With the pending implementation of the Foreign Account Tax Compliance Act (FATCA) withholding regime and the various information exchange agreements being negotiated by the United States government, it is clear that the government has increased scrutiny and focus on foreign accounts and asset reporting. To avoid monetary and criminal exposure, United States persons should be diligent in their reporting of foreign accounts and assets.

Please contact Jon Golub of the Royse Law Firm, PC, at jgolub@rroyselaw.com, if you would like to discuss the contents of this article.

December, 2011
By Jonathan Golub

In our blog post from December 2010, we discussed the potential for investors to acquire certain qualified small business stock (“QSBS”) and be eligible to exclude 100% of the gain realized on a subsequent sale of that QSBS, if held for at least five years. That 100% gain exclusion for QSBS was enacted by Congress as a part of the Small Business Jobs Act of 2010 (“SBJA 2010”) and then extended as a part of the Tax Extension Act of Dec. 17, 2010. Potential investors have a limited window to take advantage because this special exclusion only applies to QSBS acquired before January 1, 2012.

The 100% gain exclusion described above is, however, limited to the greater of (i) $10 million or (ii) 10 times such taxpayer’s basis in the QSBS. In the event the QSBS stock is acquired in an exchange (i.e. not for cash), the Section 1202 rules determine a taxpayer’s basis in its QSBS stock to be equal to the fair market value of property transferred. So, if the LLC, at the time of its conversion, has a value at least $1 million, the cap on the gain exclusion will be increased (since the cap is equal to 10 times that value).

While the gain exclusion described above benefits QSBS investors in a stock sale exit transaction, the LLC form may still be better in the event of an asset sale exit transaction. Many other differences exist between LLC’s and corporations, so all factors should be thoroughly considered before an LLC is converted to a corporation to take advantage of the QSBS benefits described above.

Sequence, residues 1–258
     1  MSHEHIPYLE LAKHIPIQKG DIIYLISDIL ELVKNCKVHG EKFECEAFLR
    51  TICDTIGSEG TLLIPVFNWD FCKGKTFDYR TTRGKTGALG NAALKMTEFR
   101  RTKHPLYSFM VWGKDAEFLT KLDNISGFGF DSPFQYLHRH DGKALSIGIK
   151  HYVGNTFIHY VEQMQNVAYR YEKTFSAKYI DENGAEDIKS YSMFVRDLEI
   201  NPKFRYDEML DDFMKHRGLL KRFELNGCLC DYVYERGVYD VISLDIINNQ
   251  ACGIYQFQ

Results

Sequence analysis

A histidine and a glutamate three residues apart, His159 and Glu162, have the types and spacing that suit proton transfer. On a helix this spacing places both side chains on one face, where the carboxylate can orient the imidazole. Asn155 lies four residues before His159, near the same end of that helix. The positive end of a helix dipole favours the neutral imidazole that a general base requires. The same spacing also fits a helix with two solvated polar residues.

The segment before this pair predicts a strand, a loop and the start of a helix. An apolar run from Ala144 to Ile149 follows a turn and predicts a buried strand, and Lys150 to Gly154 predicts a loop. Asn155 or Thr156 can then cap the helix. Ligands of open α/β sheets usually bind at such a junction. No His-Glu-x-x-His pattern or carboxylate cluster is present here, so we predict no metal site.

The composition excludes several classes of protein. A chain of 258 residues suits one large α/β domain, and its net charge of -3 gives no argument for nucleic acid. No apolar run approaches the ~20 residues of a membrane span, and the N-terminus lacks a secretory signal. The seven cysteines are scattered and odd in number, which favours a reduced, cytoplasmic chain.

For additional information, contact Jonathan Golub.

The Royse Law Firm Employment and Tax Law Newsletter

July, 2010
By Lisa Chapman, Esq. and Jonathan Golub, Esq.

When Should a Company Hire an Unpaid Intern?

DO YOU NEED TO HIRE EMPLOYEES, BUT FEEL BAD YOUR COMPANY CANNOT AFFORD IT? HOW TO TAKE ADVANTAGE OF “THE HIRE ACT” – THE FEDERAL GOVERNMENT’S LATEST PROGRAM AIMED AT INCENTIVIZING COMPANIES TO HIRE UNEMPLOYED WORKERS AND REDUCING THE COST OF LABOR

On March 18, President Obama signed the Hire Act into law. In a nutshell, this new law provides employers with an incentive to hire previously unemployed workers. Specifically, it exempts qualifying employers from paying a portion of the payroll taxes with respect to new hires, and even gives the employer an income tax credit. This, unlike other recent congressional and executive actions, is a direct subsidy to companies.

Like any new law, there are many rules that you need to know about. Here are some key points:

The potential new hire must have been unemployed for at least 60 days prior to being hired by the qualifying employer.

The qualifying employer will be exempt from paying its entire 6.2% share of social security taxes on wages paid to the qualifying employee during the period beginning on March 19, 2010 and ending on December 31, 2010. This exemption is claimed on Form 941, and must be accompanied by an affidavit signed by the qualifying employee.

A tax credit applies if the company retains the worker for at least 52 weeks. This credit is equal to the lesser of $1,000 or 6.2% of wages paid during that 52-week period, and it will be claimed on the qualifying employer’s 2011 income tax return.

Similar to other provisions of the federal government’s stimulus bills, this law has a short shelf life; unless extended the tax exemption will expire on January 1, 2011. This law does not apply to household employees. There are provisions in the text of the law that prohibit the firing of an employee for the purpose of taking advantage of this law.

TO ENSURE COMPLIANCE WITH THE REQUIREMENTS IMPOSED BY THE IRS, WE INFORM YOU THAT ANY TAX ADVICE CONTAINED IN THIS COMMUNICATION, INCLUDING ANY ATTACHMENT TO THIS COMMUNICATION, IS NOT INTENDED OR WRITTEN TO BE USED, AND CANNOT BE USED, BY ANY TAXPAYER FOR THE PURPOSE OF (1) AVOIDING PENALTIES UNDER THE INTERNAL REVENUE CODE OR (2) PROMOTING, MARKETING OR RECOMMENDING TO ANY OTHER PERSON ANY TRANSACTION OR MATTER ADDRESSED HEREIN.

LISA CHAPMAN, rroyselaw.com/people/lisa-chapman

JON GOLUB, rroyselaw.com/people/jonathan-golub